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Guided Tour #10: Nikon D40
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Guided Tour #10: Nikon D40

Take the tour and master the camera!

A look under a popular entry-level DSLR's hood.




What's a Guided Tour?
Welcome to the latest in the Guided Tour series, an Adorama exclusive, where we take you on in-depth looks at today's most popular cameras. We explain all of the buttons, modes, and special functions of specific cameras in detail, and offer hints and tips and photos to help you really get to know this camera.

You can read Guided Tours...
...before you buy. The more you know about the abilities of a camera, the better equipped you are to make a buying decision. Our Guided Tours offer extensive information.
...after you buy. You've invested in the camera; now you want to learn everything there is to know about it so you can take advantage of all of its capabilities.

How to read a Guided Tour:
If you just want to turn on the camera and start shooting, go to the "Basic features" section.If want to explore other features in depth, read the "Advanced Operations" section. This is where you can unlock your camera's deepest levels of control.

Now, on with the tour!

Nikon D40 at a glance



Front: Nikon D40 with flash up and Nikon 18-55mm f/3.5-5.6GII ED DX standard zoom lens.



Back: with tasty 2.5-inch LCD monitor



Top: Camera's top dial and buttons access key features.

Key features
  • 6 megapixel sensor
  • 17 Custom settings
  • In-camera image editing
  • RAW+JPEG
  • Image optimization controls
User profile
  • Enthusiast moving up from compact to first digital SLR
  • Nikon DSLR user needing additional body
  • Someone who already owns Nikon-mount lenses
Positives
  • Lots of features for advanced photographers
  • Extensive in-camera image control
  • Easy-to-understand menu, good owner's manual
  • Compatible with most Nikon lenses going back to early '60s
  • Great price
  • 2.5-inch LCD monitor
Negatives
  • Plastic body not sited for heavy use
  • No PC flash connection
  • Lacks built-in Vibration Reduction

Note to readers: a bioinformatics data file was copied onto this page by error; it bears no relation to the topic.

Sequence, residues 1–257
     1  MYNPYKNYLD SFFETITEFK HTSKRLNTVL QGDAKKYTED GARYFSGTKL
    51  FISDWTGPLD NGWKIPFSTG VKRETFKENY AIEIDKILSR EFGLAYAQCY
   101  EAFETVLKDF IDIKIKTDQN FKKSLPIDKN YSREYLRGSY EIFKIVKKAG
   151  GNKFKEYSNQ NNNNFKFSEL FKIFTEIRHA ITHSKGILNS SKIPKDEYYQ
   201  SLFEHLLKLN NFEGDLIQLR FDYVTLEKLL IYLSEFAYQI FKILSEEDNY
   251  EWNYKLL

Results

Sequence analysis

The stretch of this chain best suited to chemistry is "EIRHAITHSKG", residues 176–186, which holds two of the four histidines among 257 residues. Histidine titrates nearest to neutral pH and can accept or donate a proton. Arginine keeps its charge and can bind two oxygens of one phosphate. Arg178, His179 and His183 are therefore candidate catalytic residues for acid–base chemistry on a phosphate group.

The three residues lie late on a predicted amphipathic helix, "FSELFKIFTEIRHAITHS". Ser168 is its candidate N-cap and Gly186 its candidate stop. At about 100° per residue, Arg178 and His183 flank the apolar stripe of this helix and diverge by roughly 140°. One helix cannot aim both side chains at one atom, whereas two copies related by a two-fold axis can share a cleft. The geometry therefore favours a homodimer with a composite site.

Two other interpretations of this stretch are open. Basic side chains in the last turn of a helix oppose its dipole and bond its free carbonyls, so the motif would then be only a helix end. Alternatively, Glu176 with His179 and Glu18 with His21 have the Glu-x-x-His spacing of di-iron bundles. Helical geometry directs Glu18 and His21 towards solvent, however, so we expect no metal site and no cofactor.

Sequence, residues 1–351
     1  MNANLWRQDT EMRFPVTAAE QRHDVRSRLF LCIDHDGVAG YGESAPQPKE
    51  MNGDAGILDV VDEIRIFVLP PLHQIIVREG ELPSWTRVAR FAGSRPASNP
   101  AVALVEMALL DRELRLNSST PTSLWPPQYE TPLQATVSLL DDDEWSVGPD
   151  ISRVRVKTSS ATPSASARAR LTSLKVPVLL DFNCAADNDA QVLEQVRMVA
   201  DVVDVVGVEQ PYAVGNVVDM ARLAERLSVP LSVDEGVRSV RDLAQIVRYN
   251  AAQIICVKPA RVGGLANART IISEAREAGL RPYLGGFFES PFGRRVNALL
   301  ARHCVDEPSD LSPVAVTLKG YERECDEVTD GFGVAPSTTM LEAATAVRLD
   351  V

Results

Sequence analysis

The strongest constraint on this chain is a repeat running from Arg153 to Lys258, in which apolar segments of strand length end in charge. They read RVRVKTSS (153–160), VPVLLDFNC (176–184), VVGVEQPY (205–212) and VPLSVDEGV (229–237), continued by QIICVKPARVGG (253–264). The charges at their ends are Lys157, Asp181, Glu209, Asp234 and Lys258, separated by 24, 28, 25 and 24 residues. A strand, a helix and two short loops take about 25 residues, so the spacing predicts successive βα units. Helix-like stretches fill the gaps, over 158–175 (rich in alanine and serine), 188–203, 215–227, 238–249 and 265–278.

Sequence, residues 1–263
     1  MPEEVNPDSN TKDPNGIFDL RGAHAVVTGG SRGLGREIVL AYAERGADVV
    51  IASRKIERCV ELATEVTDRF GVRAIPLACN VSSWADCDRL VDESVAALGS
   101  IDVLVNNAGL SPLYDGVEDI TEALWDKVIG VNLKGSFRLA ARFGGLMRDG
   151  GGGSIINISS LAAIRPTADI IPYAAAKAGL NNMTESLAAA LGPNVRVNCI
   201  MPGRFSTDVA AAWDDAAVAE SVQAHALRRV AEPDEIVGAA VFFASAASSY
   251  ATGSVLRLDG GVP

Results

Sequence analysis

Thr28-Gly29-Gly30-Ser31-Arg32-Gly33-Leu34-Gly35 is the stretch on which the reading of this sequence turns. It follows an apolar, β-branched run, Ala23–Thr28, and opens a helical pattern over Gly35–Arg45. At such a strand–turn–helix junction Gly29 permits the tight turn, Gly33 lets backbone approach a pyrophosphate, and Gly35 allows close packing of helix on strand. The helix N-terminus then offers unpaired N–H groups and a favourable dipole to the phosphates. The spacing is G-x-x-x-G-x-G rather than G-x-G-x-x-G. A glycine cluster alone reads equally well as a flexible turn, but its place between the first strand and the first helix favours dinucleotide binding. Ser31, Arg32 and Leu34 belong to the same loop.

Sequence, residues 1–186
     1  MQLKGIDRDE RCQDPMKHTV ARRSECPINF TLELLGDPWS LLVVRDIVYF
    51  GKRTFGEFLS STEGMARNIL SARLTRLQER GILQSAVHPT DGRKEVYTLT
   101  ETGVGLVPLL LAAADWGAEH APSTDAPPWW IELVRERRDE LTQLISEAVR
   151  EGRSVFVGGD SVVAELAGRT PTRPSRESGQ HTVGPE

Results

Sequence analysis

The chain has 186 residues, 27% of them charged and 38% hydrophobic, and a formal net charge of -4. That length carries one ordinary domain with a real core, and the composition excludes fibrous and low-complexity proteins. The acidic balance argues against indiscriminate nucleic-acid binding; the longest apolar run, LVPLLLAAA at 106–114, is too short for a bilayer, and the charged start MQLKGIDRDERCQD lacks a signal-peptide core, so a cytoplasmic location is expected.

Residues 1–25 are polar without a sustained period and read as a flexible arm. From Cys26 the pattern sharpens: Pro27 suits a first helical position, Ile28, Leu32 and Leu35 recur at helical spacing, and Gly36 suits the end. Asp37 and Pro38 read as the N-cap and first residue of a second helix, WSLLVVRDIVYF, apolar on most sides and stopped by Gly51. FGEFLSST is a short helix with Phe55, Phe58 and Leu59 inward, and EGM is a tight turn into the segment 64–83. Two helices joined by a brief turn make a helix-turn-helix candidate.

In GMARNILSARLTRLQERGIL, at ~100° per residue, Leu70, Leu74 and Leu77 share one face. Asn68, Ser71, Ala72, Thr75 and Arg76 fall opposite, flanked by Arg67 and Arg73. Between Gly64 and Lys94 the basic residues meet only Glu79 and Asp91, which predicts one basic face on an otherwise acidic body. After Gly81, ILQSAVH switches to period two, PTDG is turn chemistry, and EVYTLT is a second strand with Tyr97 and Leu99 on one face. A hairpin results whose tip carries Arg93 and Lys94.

March 6, 2007: NEWS FLASH! D40x introduced with 10MP sensor!

Field report:

The Nikon D40 is designed primarily for first-time DSLR users, although anyone familiar with the D80 or D200 will recognize many of its innovative features; it's a reasonable back-up body for its more advanced siblings. Like the D80, the D40 has an explanatory menu system so if you're at a loss, pressing the second button from the bottom on the left side of the camera back will bring up a description of whatever mode or setting you're in. That's really nice for someone who is learning.

The camera is very light and focusing is fairly quiet and responsive. Low-light performance was very good, and the image quality is remarkable even at ISO 1600. Matrix metering really works as advertised: it's able to handle tricky lighting situations with aplomb. I felt very little need to switch to center-weighted or spot metering when using this camera. The monitor is bright and easy on the eyes, although it is somewhat squinty in sunlight.

What, besides several hundred dollars, is the difference between the D40 and D80? First is construction. The D40 is mostly plastic. Gone are the rubberized surfaces and metal lensmount, and the grey LCD monitor is also missing (the information is now visible on the main 2.5-inch LCD, but it's a button-push away instead of always on when the camera is on). Custom settings are trimmed from 32 to 17, and most importantly, the sensor is 6.1MP instead of 10.